3. Gradually incorporate the dry mixture into the wet, then fold in 3/4 of a cup of the nuts (and chocolate, if you are using chocolate).  Pour into the two loaf pans. Top with the remaining  nuts and chocolate. Try to avoid tripping on any small, hungry dogs in your kitchen at this point, given that macadamia nuts and chocolate are toxic to the species. (Spilling either in your kitchen would be a very 'unkind' way of cooking from The Kind Diet).
4. Bake until the top is firm and a toothpick can be extracted 'clean.'  Alicia Silverstone suggests this takes about 45-60 minutes, but it took 90 minutes for my loaves to cook, and my oven doesn't 'run cold.'
Even to long-term vegetarians like myself, flaxseed in water always looks pretty gross.

Option: I also made two loaves with 5 cups of mashed, overripe bananas. This recipe was actually more successful but still I wasn't that pleased with the taste. I still found the bread overly sweet and overwhelmed by the nuts.  It did, however, only take 45 minutes to cook.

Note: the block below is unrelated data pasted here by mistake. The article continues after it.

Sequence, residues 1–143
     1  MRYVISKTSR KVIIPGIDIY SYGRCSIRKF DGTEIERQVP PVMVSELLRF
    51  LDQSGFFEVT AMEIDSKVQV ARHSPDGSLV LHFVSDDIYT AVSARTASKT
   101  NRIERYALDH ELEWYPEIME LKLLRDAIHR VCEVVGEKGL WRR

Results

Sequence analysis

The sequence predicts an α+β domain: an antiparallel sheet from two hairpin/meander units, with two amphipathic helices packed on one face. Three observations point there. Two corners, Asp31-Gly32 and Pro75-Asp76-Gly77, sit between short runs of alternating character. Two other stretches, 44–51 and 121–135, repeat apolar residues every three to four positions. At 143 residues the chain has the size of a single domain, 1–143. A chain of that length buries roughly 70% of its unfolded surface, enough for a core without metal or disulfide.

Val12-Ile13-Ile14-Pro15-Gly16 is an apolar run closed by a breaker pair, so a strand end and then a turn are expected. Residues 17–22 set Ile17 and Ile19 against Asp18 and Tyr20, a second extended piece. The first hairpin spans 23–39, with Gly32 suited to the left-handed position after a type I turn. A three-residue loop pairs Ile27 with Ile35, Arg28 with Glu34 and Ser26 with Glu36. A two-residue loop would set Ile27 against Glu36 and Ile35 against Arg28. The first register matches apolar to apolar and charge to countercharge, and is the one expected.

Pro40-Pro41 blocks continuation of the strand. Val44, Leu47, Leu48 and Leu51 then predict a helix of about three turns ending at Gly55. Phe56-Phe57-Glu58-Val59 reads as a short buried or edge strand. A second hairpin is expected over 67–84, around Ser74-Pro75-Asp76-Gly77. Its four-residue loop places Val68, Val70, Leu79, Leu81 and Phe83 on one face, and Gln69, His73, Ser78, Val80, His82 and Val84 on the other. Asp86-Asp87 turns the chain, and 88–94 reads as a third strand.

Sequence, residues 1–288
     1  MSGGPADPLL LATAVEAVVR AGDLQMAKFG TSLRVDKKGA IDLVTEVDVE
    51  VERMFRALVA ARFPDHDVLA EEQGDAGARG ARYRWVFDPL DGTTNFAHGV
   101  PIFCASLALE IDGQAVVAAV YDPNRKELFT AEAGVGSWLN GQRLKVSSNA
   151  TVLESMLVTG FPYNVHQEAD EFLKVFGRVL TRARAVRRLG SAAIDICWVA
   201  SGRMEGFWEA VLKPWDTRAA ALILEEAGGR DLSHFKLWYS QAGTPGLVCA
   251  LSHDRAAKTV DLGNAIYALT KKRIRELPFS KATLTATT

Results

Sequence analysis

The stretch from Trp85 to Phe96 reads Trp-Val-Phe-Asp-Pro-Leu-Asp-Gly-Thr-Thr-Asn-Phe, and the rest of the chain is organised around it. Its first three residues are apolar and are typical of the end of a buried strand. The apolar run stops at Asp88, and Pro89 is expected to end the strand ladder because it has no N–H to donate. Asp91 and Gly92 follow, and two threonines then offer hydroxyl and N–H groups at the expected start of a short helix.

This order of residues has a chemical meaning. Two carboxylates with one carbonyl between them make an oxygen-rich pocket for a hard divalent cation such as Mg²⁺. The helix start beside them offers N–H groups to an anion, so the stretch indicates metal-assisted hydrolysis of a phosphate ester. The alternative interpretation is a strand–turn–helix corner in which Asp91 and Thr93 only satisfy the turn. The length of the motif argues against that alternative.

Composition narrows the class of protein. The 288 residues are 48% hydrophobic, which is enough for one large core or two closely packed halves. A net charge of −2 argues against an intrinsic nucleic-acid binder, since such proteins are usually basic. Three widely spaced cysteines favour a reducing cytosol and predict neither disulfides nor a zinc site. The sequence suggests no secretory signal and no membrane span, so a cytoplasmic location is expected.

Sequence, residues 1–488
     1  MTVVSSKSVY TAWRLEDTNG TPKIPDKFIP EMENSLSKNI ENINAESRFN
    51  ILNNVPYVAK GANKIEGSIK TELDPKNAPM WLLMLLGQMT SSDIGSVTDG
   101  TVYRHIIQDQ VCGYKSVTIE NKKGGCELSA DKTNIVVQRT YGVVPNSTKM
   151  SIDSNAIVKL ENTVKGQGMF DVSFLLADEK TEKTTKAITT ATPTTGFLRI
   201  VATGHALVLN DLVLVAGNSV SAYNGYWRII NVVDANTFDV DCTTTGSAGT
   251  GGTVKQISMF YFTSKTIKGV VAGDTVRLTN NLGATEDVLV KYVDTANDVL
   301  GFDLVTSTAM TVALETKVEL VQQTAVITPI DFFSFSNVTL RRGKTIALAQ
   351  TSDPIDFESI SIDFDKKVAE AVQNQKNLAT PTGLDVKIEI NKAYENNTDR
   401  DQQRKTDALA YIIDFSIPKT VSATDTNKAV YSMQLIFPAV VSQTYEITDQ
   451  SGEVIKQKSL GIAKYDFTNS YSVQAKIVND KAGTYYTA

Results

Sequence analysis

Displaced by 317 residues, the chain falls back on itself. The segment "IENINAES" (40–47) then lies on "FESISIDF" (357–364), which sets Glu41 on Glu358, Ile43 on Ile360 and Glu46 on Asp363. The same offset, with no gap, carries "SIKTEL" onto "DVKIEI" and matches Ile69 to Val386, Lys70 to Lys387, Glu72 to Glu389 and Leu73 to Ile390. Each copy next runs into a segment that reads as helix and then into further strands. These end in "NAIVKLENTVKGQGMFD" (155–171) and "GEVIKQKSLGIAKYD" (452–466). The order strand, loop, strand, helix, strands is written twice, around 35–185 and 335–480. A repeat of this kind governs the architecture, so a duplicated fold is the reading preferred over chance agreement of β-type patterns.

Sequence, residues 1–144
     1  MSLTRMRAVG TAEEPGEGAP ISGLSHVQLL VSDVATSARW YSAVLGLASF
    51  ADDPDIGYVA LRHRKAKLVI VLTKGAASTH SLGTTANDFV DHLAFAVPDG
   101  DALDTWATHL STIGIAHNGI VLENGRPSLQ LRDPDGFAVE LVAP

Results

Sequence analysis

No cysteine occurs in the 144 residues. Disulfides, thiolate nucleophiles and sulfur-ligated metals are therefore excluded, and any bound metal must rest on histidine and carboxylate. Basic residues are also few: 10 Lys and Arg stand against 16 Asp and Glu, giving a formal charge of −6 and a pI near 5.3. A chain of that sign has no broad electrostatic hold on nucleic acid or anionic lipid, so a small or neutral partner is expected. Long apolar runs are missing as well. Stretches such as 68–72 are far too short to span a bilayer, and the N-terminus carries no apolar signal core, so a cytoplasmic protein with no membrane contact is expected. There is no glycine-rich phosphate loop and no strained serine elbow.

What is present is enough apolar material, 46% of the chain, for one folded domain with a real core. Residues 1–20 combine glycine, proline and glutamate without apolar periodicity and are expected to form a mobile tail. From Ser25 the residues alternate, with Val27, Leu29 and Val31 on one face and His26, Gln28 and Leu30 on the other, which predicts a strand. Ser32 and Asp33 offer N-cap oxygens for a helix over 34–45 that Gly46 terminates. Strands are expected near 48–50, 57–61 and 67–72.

Sunday, February 6, 2011

All-American Healthy Snickerdoodles

Today is Super Bowl Sunday! Back in my high school and college days, I never would have uttered the words with glee.  Because of my total athletic ineptitude, I tried to feign an attitude of being ‘above’ such cares as the NFL, NHL, NCAA—heck, even gym class. However, I always had a secret vice—I loved watching women’s gymnastics and figure skating, and equestrian events during the Olympics.  Gradually, the Olympics proved to be a gateway drug to following all types of sports (not having to play volleyball against people taller than 5’2 was also helpful in stoking my enthusiasm).